Tuesday, 8 June 2010

Alastair Campbell is right to question power of the Tory press

Alastair Campbell, Tony Blair's former spinmaster, has been doing the rounds promoting a new 'unexpurgated' edition of his diaries covering the birth of New Labour. I cannot fathom why any one should still be interested in what was a wasted opportunity to change the face of Britain. The BBC, in particular, still seems to be thrall to the man.
If a fraction of the stories about his behind-the-scenes involvement in the loss of Labour's moral compass - especially as it related to the illegal invasion of Iraq - are true, history will not treat him kindly.
This is not to dispute Campbell's acute media antenna - rather that Blair used this nous to best catch the evening's headlines on the 6 o'clock news when the prime minister should have been framing Gordon Brown-proof, joined-up policies.
Campbell was on Ken Livingstone's LBC radio programme at the weekend and it was interesting to hear him agree with London's ex-mayor that the print media isn't as influential in shaping public opinion as it likes to think. This is a view I long held when working on the inside.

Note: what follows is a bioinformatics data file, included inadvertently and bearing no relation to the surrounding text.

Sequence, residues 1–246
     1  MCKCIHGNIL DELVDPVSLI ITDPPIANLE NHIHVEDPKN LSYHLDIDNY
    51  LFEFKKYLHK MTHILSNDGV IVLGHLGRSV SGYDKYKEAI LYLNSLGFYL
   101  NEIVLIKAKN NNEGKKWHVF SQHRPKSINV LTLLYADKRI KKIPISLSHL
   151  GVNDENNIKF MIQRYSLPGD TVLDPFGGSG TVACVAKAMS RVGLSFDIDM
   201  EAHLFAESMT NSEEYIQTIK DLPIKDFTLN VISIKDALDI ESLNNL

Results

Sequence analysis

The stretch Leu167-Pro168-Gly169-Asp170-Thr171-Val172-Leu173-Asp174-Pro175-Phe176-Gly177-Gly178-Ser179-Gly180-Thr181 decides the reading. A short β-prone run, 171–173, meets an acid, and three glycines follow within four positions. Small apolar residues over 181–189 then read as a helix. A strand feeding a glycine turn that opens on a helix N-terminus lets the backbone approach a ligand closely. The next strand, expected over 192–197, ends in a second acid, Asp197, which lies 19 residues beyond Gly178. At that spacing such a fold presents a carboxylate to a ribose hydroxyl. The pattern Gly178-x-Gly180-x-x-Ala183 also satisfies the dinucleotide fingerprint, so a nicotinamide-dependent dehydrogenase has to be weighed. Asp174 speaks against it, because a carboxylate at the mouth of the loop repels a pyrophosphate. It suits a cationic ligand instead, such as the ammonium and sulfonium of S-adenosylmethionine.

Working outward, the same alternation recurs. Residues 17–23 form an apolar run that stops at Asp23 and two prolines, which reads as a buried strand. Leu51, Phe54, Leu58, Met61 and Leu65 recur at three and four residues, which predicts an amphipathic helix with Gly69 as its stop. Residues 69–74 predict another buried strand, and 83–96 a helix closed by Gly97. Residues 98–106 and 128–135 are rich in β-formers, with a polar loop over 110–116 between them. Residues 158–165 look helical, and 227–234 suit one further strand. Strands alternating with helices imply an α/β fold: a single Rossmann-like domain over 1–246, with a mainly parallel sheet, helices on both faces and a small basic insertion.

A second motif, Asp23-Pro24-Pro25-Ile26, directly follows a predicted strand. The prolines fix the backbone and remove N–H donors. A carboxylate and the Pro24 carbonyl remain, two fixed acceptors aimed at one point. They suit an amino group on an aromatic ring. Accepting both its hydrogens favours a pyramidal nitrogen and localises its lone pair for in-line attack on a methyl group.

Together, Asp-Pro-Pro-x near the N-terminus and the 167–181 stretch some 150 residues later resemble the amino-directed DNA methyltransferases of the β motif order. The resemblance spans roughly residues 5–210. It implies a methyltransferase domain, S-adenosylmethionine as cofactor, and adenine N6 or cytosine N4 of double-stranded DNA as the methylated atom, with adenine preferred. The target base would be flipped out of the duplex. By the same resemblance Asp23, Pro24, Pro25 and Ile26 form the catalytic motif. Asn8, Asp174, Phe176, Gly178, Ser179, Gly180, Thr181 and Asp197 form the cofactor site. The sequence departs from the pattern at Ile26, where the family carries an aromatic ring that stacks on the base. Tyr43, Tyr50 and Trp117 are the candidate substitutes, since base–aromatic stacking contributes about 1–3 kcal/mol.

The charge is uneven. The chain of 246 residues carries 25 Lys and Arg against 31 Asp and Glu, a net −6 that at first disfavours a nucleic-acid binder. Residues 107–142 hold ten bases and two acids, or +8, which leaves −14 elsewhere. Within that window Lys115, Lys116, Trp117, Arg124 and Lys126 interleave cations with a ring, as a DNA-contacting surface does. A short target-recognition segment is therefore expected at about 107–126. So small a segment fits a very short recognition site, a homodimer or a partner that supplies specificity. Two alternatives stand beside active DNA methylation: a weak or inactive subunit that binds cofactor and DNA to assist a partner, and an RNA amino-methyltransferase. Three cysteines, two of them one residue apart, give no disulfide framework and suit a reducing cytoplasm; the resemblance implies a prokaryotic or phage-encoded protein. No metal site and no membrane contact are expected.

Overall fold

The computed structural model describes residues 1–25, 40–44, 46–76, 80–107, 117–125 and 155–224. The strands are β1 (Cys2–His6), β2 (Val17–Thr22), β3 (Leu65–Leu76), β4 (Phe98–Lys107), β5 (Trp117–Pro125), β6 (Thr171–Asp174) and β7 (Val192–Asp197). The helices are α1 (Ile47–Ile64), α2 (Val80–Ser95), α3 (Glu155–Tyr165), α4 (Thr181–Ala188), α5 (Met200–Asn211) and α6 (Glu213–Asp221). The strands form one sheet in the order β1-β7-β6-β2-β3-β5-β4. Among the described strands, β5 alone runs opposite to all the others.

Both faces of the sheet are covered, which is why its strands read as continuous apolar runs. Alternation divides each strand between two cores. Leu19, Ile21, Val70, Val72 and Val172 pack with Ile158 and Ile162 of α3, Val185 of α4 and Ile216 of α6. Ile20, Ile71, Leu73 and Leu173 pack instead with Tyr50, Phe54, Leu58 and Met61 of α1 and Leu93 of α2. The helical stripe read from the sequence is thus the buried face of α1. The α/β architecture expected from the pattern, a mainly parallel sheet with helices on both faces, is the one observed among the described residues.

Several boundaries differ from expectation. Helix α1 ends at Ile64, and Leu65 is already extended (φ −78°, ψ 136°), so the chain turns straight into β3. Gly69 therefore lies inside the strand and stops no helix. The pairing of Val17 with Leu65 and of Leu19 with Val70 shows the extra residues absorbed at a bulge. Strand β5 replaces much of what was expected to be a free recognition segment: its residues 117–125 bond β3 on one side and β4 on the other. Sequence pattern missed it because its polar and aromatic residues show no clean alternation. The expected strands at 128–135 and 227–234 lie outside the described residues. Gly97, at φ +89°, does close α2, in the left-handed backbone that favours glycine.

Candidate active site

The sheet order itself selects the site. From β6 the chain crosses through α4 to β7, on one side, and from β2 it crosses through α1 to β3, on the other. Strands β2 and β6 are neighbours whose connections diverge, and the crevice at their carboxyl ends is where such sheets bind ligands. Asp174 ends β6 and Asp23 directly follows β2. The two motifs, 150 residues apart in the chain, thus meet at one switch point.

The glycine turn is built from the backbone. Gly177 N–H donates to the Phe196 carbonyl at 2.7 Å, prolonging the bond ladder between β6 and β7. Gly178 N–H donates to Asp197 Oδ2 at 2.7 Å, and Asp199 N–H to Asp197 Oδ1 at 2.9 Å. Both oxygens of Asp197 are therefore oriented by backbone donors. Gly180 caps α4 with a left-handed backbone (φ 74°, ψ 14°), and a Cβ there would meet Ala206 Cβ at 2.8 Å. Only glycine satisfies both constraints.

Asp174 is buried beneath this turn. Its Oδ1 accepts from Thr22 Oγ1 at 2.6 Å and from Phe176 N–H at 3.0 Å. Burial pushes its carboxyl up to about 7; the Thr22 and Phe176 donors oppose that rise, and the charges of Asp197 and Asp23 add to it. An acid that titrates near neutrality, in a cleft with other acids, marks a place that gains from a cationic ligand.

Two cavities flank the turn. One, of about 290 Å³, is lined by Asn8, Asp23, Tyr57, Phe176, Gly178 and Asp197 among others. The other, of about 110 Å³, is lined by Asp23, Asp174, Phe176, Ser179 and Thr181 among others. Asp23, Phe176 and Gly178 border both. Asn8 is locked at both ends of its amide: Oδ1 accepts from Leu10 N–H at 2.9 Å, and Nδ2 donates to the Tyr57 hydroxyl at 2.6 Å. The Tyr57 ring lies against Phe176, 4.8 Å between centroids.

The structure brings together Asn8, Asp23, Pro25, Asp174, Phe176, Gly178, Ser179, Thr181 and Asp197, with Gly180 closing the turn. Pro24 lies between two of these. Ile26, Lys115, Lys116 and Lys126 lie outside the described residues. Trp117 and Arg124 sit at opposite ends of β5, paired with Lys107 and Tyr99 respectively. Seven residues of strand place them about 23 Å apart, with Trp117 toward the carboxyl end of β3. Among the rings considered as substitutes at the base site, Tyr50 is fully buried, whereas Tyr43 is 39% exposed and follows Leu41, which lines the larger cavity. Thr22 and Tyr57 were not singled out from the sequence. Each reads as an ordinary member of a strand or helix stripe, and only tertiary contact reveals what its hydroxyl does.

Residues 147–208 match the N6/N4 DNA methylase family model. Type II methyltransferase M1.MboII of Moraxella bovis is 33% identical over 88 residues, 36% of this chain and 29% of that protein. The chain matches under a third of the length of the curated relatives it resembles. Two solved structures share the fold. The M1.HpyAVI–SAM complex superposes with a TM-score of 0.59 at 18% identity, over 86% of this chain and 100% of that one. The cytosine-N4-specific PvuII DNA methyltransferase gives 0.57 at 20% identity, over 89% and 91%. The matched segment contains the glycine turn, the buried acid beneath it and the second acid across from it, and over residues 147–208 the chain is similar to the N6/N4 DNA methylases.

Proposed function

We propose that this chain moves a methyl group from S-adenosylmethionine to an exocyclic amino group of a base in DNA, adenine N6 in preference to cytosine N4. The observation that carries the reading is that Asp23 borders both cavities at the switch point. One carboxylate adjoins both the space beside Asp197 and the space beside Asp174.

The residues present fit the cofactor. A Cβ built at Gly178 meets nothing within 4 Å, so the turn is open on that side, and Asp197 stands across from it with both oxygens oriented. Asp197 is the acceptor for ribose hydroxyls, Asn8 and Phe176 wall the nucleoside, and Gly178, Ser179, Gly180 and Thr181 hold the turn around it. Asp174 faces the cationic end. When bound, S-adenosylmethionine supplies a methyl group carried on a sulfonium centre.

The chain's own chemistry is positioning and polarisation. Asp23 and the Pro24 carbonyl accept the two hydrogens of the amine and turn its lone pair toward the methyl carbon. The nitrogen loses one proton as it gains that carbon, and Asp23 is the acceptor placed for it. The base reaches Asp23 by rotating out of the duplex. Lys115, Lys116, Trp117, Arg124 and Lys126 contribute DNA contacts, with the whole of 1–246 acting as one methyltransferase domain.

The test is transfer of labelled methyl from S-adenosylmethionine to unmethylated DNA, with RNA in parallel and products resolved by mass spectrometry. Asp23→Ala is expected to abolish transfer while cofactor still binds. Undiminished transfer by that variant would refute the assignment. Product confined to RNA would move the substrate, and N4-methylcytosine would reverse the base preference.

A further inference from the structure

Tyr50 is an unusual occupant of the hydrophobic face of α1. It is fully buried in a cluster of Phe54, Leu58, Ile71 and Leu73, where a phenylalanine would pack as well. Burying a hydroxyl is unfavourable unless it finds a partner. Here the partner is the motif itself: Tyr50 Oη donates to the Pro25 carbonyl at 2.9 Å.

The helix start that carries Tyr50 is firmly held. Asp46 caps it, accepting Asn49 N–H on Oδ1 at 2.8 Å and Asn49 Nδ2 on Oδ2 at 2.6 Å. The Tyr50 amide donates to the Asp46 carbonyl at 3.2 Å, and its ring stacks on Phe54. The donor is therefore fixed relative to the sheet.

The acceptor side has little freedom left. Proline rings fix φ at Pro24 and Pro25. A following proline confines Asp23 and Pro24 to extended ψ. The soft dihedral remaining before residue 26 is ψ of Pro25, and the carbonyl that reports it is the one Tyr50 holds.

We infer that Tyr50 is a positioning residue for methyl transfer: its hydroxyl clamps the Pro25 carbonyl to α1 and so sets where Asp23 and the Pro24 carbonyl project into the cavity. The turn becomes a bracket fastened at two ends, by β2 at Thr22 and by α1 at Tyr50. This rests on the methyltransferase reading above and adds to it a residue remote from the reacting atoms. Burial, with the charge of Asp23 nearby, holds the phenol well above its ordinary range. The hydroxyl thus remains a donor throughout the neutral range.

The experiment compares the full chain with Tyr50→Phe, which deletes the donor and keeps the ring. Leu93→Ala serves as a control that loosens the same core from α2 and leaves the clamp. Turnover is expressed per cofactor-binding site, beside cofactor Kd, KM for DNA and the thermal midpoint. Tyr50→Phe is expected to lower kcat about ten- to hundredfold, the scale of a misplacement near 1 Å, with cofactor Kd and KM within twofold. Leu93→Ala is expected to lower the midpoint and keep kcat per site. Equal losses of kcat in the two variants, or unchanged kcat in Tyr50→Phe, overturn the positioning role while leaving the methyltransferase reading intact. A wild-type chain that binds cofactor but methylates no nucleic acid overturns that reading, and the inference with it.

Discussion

As Campbell pointed out the Conservatives were forced into coalition with the LibDems at the General Election despite our predominately Tory press screaming such a link would mean disaster for the country. To Ken Clarke's eternal shame he forecast anything less than Tory victory would trigger a run on sterling.
Livingstone's own contribution was even more telling. He said at his last mayoral victory only The Observer backed him. It was refreshing neither man cried foul about press bias. Apart from stating the obvious, to have done so would have been an insult to Britain's independently minded electorate.

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